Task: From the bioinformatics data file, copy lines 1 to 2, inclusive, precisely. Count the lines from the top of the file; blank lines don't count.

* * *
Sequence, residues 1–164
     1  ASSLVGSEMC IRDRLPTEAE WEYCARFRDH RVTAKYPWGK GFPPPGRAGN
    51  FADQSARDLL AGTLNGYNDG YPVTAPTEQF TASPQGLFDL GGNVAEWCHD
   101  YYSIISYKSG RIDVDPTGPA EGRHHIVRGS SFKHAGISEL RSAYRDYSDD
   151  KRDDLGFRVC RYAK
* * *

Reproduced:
Sequence, residues 1–164
     1  ASSLVGSEMC IRDRLPTEAE WEYCARFRDH RVTAKYPWGK GFPPPGRAGN